This exercise has powerfully shaped my lifestyle in incredibly meaningful directions. It has been so powerful that we reformatted the Monthly to include it in the daily pages for all of you—just days before we sent it off to be manufactured. Each daily page of our planner has a space for you to write down your top “seasonal goals” and remember your “why” for each one.​

By completing this daily exercise, you’re leveraging the power of your God-given neuroplasticity. Handwriting your goals in the Evergreen Planner builds new neural pathways every single day, literally building up your brain—and cultivating a robust and dynamic working memory—around the things that matter most to you.

February 2, 2022

Setting ROOTED Goals: Tailored to Your Lifestyle

Sustainable, Lasting, and Life-Giving Goals Are:


Last week, we talked about how to make sure your goals are clear and actionable, so that you can make significant progress whenever you have the time. Today, we’re going to talk about that time, about how to create a symbiotic relationship between your goals and your lifestyle so they mutually support each other over the long-haul.

Step 4 is all about how to Tailor Goals to Your Lifestyle.

Other goal setting systems might show you how to reverse-engineer your goal (what we talked about last week), but then they end there and wish you good luck. This system shows you how to look at your goal in the context of your daily life, and then make strategic shifts in your schedule in order to make space for this goal.

Learning From Experience

When I (Shelby) was seven months pregnant with my first, my husband and I decided that I would work from home. At the time, designing a planner was nowhere on my radar. I had a complex system of to-do lists and digital calendars that makes my head spin to think back on. But what was worse than my lack of a cohesive system of organization was my total lack of understanding about the concept of trade-offs.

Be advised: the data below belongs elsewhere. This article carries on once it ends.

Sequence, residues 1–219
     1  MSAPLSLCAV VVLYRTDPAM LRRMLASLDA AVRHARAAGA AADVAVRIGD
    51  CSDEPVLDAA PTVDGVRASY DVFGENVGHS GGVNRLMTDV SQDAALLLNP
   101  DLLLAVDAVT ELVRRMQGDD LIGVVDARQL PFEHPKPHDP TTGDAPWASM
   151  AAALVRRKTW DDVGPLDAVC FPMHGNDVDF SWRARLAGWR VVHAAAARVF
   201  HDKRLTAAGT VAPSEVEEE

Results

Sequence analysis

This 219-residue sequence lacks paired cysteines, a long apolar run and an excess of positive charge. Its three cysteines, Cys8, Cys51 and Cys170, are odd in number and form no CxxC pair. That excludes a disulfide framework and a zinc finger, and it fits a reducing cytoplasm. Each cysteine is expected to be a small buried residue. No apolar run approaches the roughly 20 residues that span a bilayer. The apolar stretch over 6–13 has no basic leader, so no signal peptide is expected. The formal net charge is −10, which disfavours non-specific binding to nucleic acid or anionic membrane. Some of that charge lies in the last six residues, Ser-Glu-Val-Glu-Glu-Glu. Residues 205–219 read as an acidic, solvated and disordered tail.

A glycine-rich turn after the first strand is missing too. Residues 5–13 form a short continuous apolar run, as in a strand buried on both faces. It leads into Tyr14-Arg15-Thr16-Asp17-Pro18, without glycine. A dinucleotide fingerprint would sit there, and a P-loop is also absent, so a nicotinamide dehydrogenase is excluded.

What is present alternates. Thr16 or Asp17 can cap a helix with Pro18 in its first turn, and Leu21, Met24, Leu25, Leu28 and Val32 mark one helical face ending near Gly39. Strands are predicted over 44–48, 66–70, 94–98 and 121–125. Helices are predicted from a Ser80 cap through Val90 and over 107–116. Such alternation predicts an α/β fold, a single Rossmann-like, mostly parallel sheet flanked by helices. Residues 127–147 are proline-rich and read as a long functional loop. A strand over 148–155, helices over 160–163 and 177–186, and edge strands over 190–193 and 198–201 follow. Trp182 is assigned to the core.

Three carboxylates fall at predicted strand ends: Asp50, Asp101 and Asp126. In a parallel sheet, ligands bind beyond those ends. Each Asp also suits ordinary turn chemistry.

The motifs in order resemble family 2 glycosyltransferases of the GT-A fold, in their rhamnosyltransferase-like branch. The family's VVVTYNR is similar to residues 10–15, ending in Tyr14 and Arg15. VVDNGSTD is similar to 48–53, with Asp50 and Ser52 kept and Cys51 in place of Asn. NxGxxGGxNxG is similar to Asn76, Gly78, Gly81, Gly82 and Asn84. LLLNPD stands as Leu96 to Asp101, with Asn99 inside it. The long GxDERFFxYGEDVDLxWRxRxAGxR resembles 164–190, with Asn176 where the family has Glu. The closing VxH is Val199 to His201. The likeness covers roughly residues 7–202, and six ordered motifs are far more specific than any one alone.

That’s why, at seven months pregnant with my first baby, I signed the biggest freelancing contract I’d ever seen. Without fully realizing what I was doing, and with one tiny digital stroke of the pen, I had committed the next two years of my life to the completion of a very rigorous and mentally straining project that would teach me the concept of trade-offs through the hard knocks of experience.

On top of it all, I had a severe deficit in my personal time-management skills. Unsurprisingly, this turned into a years-long season of overwhelm that bubbled into every area of my life.

Even so, I have to admit that I am thankful for that insane season of life. It was genuinely good work (a dream project, really), and I learned SO, SO much from it.

But one of the most powerful skills that I learned through that season of my work life was the skill of learning when to say “no.”

Learning to Say “No” is More Than a Cliché

I quickly learned during my first few years as a work-at-home mom that trade-offs are unavoidable, and that “No is a responsible word. And even though a complex of mom-guilt followed me like a shadow, lying to me and telling me that I should’ve said a big fat “NO!” to trying to do any work projects while also being a mom, those lies do not align with the conclusions I’ve reached over these five years learning the ropes of entrepreneurship and motherhood.

“No” does not have to be a big, nasty slamming-of-the-door on your hopes and dreams. It’s actually a word that we’re called to use with maturity, thoughtfulness, and precision. It’s also a word that we don’t really know how to use properly until we’ve gotten some experience under our belts in whatever area of life needs pruning. Without a growth mindset, “No” is a scary and painful word.

But combined with a growth-mindset, “No” is a power tool that you can use to optimize any area of life (work, home, school, ministry, anything). When a strong “Yes!” leads to a precise set of “No’s,” you have lifestyle-crafting magic. Within the context of a “Lord willing” attitude, God has given us agency. He calls us to wisely steward the lives and resources He’s given us.

So how do we use “no” as a power tool to optimize our goals and our lifestyles so that there’s a lot less toxic stress and a whole lot more synergy?